He ended up winning re-election as a Republican and has been a reliable GOP vote ever since. Unlike the days when he would post party unity scores (the percentage of votes on which he sided with a majority of Democrats against a majority of Republicans) in the 40s, Hall is now a reliable vote for the GOP more than 90 percent of the time.
In 2010, he joined the House Tea Party Caucus, along with a dozen or so other members of the Texas delegation.
Not Ready to Retire
At 89, Hall is used to hearing about how he’s too old to be effective.
So, in May, after being attacked along those lines by a primary challenger, Hall decided to skydive to prove his sprightliness.
“I run a couple of miles every morning, and when I was running, I looked up and there was an airplane up there. I thought, if I could jump up and touch that airplane, they’d think I was agile enough maybe to keep on being their congressman,” Hall said in a speech on the House floor. “If running two miles every morning, voting 99-plus percent of the time, if that wasn’t enough, I had to do something else. So I decided if I jump two miles, maybe that would be it.”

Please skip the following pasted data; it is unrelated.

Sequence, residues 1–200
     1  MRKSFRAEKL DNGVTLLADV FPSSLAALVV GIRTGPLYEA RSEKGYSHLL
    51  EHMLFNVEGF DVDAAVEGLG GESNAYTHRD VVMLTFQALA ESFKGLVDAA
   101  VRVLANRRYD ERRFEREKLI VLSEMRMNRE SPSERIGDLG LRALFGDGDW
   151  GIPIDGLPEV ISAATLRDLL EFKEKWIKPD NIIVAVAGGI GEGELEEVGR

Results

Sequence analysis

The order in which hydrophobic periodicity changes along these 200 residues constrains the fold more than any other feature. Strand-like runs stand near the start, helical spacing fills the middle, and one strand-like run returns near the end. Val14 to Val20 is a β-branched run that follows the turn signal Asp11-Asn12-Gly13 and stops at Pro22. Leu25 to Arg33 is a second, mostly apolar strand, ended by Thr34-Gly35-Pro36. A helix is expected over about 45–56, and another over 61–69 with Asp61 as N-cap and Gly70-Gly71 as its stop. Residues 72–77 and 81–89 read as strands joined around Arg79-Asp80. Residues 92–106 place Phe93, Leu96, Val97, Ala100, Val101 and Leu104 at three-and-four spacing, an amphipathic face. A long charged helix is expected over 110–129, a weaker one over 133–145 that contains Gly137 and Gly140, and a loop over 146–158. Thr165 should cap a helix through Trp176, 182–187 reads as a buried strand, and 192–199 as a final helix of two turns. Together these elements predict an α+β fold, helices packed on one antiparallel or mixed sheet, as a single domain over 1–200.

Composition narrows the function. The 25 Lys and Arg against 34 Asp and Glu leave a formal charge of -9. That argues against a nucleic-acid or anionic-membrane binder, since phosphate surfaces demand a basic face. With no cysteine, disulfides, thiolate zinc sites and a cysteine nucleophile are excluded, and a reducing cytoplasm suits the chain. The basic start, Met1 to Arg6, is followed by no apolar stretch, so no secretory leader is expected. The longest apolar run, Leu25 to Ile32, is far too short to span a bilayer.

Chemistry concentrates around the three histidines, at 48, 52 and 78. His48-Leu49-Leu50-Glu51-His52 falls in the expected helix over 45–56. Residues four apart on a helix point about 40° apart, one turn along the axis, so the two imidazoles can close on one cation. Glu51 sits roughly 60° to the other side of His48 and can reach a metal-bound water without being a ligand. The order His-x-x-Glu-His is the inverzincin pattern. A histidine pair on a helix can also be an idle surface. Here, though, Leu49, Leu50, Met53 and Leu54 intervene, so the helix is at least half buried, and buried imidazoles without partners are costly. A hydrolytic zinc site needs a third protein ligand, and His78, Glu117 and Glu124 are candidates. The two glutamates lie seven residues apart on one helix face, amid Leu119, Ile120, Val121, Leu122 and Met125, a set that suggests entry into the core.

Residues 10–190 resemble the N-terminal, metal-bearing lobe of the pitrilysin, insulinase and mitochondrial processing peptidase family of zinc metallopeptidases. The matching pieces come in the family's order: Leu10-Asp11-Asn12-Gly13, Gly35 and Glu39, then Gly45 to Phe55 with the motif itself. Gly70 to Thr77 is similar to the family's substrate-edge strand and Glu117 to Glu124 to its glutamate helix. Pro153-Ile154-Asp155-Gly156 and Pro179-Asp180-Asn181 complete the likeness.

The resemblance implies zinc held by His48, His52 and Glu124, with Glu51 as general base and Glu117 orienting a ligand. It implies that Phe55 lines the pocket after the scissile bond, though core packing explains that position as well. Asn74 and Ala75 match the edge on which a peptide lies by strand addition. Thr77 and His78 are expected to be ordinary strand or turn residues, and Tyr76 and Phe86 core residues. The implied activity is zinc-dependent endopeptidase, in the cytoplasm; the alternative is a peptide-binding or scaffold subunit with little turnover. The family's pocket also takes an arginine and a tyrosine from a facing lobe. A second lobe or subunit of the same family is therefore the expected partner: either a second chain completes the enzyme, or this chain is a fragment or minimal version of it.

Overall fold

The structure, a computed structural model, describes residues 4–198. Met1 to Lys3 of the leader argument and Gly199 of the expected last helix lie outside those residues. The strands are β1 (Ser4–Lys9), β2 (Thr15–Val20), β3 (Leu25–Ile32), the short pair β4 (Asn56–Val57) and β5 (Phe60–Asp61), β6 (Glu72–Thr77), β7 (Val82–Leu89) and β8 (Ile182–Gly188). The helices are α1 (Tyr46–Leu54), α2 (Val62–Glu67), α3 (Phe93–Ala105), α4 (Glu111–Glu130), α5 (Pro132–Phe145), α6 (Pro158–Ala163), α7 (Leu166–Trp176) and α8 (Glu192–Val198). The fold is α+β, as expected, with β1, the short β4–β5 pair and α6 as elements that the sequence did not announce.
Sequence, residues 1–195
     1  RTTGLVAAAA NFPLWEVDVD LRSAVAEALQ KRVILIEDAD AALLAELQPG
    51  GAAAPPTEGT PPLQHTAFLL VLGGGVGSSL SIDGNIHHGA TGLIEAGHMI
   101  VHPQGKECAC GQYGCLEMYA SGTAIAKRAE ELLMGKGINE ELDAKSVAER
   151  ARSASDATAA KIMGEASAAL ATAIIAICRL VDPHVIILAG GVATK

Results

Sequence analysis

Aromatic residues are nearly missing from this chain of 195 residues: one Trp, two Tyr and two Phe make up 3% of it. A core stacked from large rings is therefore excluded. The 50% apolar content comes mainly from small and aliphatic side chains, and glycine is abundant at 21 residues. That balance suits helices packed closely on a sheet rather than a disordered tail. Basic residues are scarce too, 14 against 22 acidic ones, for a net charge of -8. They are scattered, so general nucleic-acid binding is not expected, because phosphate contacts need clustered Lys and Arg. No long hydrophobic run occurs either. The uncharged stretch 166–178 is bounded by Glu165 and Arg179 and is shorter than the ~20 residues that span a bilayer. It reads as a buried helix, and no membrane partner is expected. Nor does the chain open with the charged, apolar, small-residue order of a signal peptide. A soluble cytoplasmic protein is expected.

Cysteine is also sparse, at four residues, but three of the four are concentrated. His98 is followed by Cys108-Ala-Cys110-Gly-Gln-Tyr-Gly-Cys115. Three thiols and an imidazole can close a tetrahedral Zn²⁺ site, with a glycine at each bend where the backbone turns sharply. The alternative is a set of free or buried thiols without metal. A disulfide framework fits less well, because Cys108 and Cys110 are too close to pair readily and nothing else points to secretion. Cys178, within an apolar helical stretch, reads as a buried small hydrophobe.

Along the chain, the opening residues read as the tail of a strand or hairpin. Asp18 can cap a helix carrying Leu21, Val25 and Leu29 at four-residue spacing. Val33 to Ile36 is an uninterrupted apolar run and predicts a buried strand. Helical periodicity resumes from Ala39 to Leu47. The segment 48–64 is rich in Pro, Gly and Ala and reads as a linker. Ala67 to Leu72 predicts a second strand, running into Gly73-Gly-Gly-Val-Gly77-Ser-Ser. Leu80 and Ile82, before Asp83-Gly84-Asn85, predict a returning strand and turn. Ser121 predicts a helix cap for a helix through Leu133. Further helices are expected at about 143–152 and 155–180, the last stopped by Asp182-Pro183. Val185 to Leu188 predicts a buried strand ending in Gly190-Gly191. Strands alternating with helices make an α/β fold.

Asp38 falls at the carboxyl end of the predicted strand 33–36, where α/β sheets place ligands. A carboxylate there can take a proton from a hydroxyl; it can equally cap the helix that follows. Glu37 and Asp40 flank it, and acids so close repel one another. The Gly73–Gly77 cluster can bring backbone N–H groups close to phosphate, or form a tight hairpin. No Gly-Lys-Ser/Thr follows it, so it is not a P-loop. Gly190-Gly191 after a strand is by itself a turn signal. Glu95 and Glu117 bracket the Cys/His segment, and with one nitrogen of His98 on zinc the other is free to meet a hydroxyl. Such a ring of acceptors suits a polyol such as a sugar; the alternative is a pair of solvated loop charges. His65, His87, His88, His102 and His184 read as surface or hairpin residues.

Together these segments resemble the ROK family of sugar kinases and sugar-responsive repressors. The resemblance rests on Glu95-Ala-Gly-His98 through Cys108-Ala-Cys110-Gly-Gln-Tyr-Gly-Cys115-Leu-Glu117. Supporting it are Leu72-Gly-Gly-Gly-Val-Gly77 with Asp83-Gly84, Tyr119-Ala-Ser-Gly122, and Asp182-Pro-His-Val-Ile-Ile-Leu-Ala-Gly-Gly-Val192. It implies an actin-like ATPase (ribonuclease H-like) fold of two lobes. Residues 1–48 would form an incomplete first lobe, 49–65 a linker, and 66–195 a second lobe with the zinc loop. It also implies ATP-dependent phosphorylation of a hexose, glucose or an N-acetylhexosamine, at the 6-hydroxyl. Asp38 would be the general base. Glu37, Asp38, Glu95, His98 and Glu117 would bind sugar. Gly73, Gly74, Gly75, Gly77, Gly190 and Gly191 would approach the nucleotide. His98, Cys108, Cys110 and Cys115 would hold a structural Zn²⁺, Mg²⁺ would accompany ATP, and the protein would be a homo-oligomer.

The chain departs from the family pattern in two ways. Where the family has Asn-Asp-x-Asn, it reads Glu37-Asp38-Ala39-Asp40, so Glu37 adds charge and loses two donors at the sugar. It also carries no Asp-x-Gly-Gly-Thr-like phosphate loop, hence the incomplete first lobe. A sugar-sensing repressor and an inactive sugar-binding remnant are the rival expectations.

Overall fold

Hall won the primary, and in November he cruised to victory in the general election, becoming the oldest person ever elected to a House seat.
Among all the demographic changes that have taken place in Congress over the decades, perhaps one best illustrates the evolution of Hall’s career.
When he took office in 1981, Hall was one of 125 World War II veterans serving in the House, according to a Congressional Research Service analysis of data from the American Legion. Today, Hall and Rep. John D. Dingell, D-Mich. — the next-oldest House member at 86 — are the only members of “the greatest generation” still serving in the House. There are three in the Senate, all Democrats: Frank R. Lautenberg of New Jersey and Daniel K. Inouye and Daniel K. Akaka of Hawaii.